To mark the opening of Notations/Bruce Nauman: Days and Giorni, the Museum is publishing a book of photographs illustrating Nauman’s works in situ in Topological Gardens that were taken by Michele Lamanna, a former student of Università Iuav. The 60-page book, titled Bruce Nauman: Topological Gardens/Installation Views represents a rare opportunity to publish installation photographs that document the exhibition of Nauman’s work in Venice and will now serve as a complement to the exhibition’s 240-page catalogue featuring four scholarly essays on Nauman’s work and the Venice project. The forthcoming publication Bruce Nauman: Topological Gardens/Installation Views is supported by a professional development grant from The Pew Center for Arts & Heritage through the Philadelphia Exhibitions Initiative.

Bruce Nauman: Topological Gardens at the Venice Biennale
In Topological Gardens at the Biennale, Giorni was presented at the Exhibition Spaces at Universitá Ca’ Foscari while Days was on view at Università Iuav, two sites in addition to the U.S. Pavilion that comprised the U.S. participation. Carlos Basualdo, the Keith L. and Katherine Sachs Curator of Contemporary Art, and Michael R. Taylor, Muriel and Philip Berman Curator of Modern Art, Philadelphia Museum of Art, served as the U.S. Commissioners. For more information on Topological Gardens, which closes on November 22, see: www.naumaninvenice.org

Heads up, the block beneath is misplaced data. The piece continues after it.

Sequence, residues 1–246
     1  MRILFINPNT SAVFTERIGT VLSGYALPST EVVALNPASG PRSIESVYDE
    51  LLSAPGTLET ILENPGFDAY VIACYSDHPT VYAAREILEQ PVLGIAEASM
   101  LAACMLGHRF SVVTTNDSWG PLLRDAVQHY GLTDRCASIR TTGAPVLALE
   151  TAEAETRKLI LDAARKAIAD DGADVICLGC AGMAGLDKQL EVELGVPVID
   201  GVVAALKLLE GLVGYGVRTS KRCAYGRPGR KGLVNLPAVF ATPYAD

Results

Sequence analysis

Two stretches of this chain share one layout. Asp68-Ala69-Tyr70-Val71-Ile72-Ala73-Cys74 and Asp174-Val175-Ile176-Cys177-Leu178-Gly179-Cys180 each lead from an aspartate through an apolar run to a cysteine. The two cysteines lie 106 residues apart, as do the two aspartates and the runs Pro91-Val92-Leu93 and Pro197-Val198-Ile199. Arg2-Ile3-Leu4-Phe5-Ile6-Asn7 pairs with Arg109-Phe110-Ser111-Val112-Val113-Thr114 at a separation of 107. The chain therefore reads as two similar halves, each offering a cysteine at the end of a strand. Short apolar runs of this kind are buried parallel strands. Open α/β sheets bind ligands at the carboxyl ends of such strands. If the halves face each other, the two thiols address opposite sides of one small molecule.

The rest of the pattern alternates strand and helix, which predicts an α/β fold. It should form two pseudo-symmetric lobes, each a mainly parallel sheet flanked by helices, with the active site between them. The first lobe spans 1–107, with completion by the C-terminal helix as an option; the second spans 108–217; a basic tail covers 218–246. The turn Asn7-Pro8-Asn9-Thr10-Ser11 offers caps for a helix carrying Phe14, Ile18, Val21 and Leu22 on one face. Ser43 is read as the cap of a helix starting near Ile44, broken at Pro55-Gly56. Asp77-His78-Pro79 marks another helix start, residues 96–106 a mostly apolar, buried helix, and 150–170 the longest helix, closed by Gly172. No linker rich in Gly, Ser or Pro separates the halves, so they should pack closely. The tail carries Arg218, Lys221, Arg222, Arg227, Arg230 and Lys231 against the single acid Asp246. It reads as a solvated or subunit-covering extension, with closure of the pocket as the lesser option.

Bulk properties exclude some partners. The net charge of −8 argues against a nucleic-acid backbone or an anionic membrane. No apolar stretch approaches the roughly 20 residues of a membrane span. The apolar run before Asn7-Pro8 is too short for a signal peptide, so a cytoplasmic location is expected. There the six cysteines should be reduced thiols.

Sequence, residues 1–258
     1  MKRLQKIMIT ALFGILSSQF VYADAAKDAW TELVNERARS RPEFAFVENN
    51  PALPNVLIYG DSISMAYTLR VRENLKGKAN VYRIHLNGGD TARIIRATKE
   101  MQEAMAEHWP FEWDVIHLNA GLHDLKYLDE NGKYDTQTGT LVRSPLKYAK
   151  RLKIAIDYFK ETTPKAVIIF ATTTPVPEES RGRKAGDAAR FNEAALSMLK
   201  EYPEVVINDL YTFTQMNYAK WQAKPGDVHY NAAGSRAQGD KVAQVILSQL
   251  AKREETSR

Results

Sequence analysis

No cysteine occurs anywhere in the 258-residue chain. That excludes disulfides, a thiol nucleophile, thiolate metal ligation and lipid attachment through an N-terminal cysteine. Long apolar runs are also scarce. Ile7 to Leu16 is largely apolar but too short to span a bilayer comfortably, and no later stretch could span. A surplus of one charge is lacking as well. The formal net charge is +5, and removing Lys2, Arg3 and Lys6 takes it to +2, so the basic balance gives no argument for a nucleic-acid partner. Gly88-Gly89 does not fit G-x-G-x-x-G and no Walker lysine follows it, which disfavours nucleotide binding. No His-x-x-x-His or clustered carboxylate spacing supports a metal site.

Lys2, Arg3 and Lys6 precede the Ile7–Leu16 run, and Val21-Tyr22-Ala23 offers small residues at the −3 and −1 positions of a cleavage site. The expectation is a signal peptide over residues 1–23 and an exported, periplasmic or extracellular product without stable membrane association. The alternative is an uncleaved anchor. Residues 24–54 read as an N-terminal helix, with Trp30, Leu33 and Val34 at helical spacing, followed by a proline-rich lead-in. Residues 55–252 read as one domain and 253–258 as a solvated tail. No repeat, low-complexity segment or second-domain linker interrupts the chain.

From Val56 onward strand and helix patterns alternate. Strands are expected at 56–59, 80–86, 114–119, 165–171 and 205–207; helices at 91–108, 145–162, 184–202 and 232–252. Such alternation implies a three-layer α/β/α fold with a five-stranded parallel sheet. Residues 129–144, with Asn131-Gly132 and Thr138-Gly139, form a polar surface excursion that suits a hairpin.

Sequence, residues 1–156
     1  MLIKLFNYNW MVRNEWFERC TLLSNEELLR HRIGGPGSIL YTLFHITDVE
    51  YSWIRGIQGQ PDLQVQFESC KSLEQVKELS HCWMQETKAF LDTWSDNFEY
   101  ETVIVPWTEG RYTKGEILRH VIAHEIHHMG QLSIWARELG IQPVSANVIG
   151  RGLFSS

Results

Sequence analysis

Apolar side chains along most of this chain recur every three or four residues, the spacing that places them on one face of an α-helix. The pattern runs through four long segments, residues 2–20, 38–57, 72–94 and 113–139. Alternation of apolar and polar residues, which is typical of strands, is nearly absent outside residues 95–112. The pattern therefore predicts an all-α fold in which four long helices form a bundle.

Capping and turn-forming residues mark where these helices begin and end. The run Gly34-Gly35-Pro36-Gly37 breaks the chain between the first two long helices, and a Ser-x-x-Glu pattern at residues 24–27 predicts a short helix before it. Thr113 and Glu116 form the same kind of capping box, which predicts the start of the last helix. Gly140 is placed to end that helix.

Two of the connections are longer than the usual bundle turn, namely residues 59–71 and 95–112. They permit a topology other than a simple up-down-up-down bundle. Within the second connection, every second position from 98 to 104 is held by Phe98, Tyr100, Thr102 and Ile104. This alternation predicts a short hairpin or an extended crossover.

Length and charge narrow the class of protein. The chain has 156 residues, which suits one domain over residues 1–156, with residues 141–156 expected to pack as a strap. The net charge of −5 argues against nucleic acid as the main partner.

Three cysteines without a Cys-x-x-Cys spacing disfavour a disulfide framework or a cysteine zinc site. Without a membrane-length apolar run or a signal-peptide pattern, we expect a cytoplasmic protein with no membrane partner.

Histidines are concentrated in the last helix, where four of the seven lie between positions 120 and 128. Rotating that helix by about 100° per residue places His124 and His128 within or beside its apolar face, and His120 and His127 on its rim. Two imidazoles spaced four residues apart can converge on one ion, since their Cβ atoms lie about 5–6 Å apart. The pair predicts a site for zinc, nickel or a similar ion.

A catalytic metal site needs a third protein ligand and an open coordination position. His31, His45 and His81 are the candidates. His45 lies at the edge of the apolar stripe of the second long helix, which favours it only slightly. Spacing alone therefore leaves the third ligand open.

Notations/Bruce Nauman: Days and Giorni is made possible by the Commonwealth of Pennsylvania, the Henry Luce Foundation, and The Pew Charitable Trusts, with additional funding from Agnes Gund, Maja Oeri and Hans Bodenmann, Sperone Westwater Gallery, and many other Friends of Bruce Nauman. The related catalogue was made possible by Isabel and Agustín Coppel, and was published on the occasion of the premiere of these works in Bruce Nauman: Topological Gardens, the official U.S. representation at the 53rd International Art Exhibition—La Biennale di Venezia, which was organized by the Philadelphia Museum of Art.

Philadelphia Museum of Art
26th Street and the Benjamin Franklin Parkway
Philadelphia, PA 19130
Tel. 215-763-8100

philamuseum.org

Press Contact:
Elisabeth Flynn, 215-684-7364
eflynn@philamuseum.org